Jack Frost has teamed up with the Grinch to ruin summer. It seems as though their attempts to destroy Christmas have changed to summer vacation.
For some reason June is colder than May. Twice now we’ve gotten frosted and the daily temperature is barely hitting 20 degrees centigrade.
The first frosting took out most of our cucumber and squash, the tomato plants survived for the most part. The second frosting took out some more, but the corn and tomatoes seemed to have survived.
Seriously considering building a greenhouse out of cattle fence and plastic. I’ve seen some on YouTube and it looks good, portable and affordable. Plus it would extend the growing season.
Put up a semi-permanent fence for the chickens around the shed, which was a task due to the curiosity of the chickens. I rolled the fence over to where they were free ranging and went to move some stuff out of the way. When I came back they were in and around the roll.
They wouldn’t move, even when the fence was rolled. We ended up feeding them as a distraction until we were done. It sort of worked.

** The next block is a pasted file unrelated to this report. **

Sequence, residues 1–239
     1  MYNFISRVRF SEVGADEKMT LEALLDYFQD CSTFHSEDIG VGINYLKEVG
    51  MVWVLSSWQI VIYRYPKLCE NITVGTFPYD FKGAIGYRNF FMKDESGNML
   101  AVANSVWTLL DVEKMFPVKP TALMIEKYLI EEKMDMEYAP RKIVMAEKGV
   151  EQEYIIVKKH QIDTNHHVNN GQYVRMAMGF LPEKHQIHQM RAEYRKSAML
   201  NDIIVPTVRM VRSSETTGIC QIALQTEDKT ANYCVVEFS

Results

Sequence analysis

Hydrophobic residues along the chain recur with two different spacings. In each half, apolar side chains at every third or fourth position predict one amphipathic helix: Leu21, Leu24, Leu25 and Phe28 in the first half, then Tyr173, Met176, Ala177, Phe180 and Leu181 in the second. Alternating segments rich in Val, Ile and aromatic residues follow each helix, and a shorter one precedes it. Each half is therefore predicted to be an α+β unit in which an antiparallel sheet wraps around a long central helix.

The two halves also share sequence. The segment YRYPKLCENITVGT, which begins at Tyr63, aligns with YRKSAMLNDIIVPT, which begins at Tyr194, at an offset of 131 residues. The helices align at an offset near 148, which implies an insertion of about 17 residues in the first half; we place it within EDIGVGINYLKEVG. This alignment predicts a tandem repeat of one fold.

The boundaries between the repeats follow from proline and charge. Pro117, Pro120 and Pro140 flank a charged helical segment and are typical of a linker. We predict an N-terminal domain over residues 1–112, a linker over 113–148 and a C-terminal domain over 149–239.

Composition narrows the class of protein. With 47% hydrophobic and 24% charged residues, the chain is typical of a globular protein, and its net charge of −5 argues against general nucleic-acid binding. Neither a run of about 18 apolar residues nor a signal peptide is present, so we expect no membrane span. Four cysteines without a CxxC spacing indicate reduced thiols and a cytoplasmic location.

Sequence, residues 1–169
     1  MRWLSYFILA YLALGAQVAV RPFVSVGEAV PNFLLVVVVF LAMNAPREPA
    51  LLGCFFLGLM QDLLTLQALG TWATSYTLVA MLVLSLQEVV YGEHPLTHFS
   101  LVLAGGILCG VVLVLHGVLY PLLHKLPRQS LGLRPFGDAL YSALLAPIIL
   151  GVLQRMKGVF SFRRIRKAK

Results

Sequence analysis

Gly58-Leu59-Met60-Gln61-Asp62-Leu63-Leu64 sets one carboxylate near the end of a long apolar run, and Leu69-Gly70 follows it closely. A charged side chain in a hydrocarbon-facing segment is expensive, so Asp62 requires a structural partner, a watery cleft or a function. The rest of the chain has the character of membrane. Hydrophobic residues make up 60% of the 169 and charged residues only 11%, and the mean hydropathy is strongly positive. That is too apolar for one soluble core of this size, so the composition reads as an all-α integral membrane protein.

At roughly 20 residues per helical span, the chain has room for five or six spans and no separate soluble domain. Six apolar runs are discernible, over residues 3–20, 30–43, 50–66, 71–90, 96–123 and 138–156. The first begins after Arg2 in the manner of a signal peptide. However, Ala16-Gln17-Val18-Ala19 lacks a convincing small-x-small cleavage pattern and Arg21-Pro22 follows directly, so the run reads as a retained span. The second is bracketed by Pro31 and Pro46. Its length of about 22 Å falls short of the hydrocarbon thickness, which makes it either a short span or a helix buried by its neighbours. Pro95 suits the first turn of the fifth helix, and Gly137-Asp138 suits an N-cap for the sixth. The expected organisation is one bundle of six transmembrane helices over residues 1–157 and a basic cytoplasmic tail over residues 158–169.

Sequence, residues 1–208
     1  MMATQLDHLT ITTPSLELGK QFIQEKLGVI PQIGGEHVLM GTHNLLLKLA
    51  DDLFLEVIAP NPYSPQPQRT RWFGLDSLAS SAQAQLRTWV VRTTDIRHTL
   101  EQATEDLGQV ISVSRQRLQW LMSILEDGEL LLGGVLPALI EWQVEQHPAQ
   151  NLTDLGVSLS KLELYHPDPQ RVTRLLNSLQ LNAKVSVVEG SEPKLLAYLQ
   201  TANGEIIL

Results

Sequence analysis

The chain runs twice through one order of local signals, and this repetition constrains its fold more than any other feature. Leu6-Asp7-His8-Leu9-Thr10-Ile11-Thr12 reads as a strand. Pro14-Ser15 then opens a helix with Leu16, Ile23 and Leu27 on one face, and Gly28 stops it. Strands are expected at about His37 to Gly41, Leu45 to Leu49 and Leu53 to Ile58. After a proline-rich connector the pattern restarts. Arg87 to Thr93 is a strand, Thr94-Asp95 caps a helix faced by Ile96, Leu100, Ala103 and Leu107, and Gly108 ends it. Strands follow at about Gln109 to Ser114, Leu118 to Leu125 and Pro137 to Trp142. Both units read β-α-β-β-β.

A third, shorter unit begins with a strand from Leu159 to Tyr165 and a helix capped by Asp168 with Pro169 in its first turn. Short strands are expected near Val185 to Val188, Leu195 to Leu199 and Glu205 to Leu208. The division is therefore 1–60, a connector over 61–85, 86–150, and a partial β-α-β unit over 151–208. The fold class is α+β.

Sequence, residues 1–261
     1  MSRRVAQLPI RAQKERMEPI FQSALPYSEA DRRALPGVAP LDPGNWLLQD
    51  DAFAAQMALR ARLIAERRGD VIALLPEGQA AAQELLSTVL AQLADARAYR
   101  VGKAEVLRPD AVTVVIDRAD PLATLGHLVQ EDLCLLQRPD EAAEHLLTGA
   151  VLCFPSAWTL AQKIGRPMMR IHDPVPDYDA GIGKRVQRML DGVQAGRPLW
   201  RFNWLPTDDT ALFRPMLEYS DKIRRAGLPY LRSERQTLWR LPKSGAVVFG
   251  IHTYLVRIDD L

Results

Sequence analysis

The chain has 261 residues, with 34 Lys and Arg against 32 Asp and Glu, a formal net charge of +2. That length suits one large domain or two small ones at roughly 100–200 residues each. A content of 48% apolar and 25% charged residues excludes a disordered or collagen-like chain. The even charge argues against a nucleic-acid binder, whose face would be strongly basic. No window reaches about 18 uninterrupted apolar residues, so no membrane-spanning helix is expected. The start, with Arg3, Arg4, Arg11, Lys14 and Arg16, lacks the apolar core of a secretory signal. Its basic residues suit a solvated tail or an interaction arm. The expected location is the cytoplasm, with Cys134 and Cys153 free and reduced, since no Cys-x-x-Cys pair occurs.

They were under foot the whole time, but we got it up with out injury.
We are going to have to build a proper chicken coop before summers end, but for now they are happy.
We received a phone call yesterday from the hatchery saying they would have a batch of chickens ready early and asking if we would like them. Well of course! The sooner we get them the sooner we can start harvesting eggs.
But we ain’t ready.
We’ve picked up some of the stuff we need, but we don’t have a brooder or a coop ready. We’d been gathering the materials needed for building one, but also waiting for the snow to go away to start.
So we built a porta-brooder. A plastic tub with a door cut into the side and air holes in the sides and we are done.
We will get to work on a coop for when they are bigger, but we can get them used to being on the grass and acclimated to outside so it isn’t a big adjustment for them.
We started a bunch of seeds and they are coming up nicely. Hopefully we can get them into the ground soon.